Other topics that weren't comprehensively addressed included the lineup for the halftime show—while Maroon 5 is a lock, the league has been slow to round out the evening's entertainment roster; when asked for a status update Ianniello deferred to the equally reticent NFL, which produces the show. As for the prospect of a pre-game interview with President Donald Trump, CBS Sports Chairman Sean McManus would only say that the network's news unit is still in discussions with the White House on that score.
"There will be no announcement on that right now," McManus said.
A vocal critic of the NFL, Trump sat down with Fox News Channel's Bill O'Reilly for an interview that aired during Fox's pregame coverage of Super Bowl LI, but chose not to extend the same courtesy to NBC in 2018.
Speaking of the news division, Thursday's press event also served as a sort of coming-out party for newly-minted CBS News President Susan Zirinsky. After exhorting the press to start streaming the CBSN service ("Get your goddamn ear buds and get with it!"), Zirinsky shared the news division's plans for the week leading up to the game. "CBS News will be sharing stories around the Super Bowl, from Atlanta's rolling out the red carpet and [how it's preparing] for the event, to the economic impact, to some of the human stories behind the athletes," Zirinsky said.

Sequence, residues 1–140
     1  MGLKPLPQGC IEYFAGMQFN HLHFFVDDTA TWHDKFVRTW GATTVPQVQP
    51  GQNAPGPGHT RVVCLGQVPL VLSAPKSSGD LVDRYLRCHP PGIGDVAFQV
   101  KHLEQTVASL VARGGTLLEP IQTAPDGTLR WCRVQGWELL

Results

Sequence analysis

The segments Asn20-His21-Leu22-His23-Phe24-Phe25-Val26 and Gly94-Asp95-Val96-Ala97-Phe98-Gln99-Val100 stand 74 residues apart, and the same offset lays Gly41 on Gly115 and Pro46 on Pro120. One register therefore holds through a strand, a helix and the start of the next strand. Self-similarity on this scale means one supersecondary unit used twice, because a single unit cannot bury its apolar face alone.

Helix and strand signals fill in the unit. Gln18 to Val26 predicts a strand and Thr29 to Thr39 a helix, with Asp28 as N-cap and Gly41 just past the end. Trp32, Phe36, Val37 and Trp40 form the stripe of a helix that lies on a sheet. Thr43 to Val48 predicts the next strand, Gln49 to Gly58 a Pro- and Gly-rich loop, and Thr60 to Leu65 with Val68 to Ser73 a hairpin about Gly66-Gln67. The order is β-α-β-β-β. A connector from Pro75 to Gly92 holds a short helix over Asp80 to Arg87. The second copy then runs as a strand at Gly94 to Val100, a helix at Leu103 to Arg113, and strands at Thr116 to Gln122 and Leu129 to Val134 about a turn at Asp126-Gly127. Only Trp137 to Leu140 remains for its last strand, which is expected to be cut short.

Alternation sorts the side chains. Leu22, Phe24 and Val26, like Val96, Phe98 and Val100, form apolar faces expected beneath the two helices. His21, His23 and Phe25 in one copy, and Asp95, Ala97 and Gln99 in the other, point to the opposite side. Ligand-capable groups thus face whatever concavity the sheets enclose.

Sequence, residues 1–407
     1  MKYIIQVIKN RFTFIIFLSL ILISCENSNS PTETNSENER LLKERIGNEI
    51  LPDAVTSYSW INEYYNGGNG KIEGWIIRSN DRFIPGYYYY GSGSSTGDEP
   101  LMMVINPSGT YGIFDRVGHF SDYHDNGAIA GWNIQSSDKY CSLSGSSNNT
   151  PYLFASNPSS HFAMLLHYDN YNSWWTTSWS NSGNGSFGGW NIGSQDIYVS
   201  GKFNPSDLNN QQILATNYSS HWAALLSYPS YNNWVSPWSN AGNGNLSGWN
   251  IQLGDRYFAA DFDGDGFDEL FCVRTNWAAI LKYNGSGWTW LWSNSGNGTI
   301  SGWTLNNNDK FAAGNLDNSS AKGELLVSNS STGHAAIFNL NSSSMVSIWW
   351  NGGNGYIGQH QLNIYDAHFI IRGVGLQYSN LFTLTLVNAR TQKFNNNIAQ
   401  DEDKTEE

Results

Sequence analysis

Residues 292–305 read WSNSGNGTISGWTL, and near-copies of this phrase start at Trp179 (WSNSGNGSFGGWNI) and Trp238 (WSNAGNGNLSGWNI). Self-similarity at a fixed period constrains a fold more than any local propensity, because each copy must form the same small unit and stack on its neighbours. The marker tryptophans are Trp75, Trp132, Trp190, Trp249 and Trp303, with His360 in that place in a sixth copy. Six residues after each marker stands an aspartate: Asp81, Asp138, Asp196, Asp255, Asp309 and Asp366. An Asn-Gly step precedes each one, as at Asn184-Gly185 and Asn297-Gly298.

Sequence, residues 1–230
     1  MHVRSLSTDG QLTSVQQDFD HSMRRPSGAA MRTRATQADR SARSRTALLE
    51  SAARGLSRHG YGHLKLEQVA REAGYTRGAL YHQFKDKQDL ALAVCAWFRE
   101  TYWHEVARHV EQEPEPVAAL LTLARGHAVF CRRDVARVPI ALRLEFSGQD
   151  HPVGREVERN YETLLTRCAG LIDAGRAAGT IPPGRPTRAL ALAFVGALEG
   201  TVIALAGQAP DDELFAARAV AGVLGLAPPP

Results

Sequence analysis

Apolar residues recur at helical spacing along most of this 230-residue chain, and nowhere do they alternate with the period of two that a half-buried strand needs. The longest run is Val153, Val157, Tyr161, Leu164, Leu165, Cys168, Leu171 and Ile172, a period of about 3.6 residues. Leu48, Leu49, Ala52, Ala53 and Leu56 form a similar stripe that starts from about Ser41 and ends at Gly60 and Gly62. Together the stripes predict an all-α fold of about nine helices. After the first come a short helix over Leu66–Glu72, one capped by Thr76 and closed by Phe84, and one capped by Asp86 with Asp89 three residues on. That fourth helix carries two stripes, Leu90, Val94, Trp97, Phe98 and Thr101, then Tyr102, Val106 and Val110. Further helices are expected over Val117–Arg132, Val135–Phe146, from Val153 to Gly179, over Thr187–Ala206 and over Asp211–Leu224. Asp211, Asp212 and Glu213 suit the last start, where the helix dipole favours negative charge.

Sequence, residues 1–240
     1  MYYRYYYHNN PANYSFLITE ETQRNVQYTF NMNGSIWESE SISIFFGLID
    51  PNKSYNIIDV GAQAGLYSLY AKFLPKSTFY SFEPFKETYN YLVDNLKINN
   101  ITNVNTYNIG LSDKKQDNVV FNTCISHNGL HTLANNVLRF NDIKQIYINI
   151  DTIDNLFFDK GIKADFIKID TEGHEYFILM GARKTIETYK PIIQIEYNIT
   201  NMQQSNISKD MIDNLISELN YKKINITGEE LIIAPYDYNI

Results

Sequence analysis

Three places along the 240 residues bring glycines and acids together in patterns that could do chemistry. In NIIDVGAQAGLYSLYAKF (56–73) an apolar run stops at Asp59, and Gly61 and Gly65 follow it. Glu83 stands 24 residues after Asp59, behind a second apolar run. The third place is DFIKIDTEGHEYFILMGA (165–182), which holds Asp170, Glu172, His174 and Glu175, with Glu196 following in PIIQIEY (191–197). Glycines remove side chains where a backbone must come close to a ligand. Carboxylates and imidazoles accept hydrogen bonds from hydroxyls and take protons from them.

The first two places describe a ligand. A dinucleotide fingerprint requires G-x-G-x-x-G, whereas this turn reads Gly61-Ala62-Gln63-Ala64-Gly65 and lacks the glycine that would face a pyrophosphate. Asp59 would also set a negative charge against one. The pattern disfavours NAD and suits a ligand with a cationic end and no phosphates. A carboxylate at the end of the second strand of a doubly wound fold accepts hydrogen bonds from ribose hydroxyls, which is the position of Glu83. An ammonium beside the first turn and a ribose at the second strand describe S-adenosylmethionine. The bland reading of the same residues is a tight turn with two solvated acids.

Also taking a turn at the dais were CBS Sports' Jim Nantz, Tony Romo and Tracy Wolfson, as well as "The NFL Today" studio analysts James Brown and Bill Cowher. And after lamenting the absence of his beloved Packers from the playoff picture, CBS Entertainment President Kelly Kahl talked up Super Bowl LIII lead-out "The World's Best."
The famously affable Nantz threw out a hypothetical to his broadcast partner, asking Romo if he'd ever consider returning to the NFL. "What do you feel like now, two years into it? How much fun are you having? Is this everything you thought it would be?" Nantz wondered. The 38-year-old former Cowboys quarterback retired in 2017 and signed on with CBS as its lead football color analyst shortly thereafter.
"When you say that, I feel like I should go back and play now," Romo cracked, before insisting that he's happier than he's ever been in his new role in the booth. "I honestly think I'm more fulfilled than ever," Romo said. "I'm really enjoying where I'm at. I feel very fortunate, let's say that, where I am in life. I don't really look back. I feel this is exactly where I should be."
Before heading back over to Black Rock, Ross confirmed that the usual suspects (beer, soda, auto, movie and tech) were all well-represented on this year's in-game ad roster. She begged off making any predictions on how many viewers would tune in for CBS's 20th Super Bowl broadcast, allowing that the network's current impasse with Nielsen made ratings a bit of a no-fly zone.
As with Tony Romo, Ross said she couldn't be more pleased with how Super Bowl LIII is shaping up. "Each Super Bowl takes on its own cadence," she said. "We are very happy with where we are now."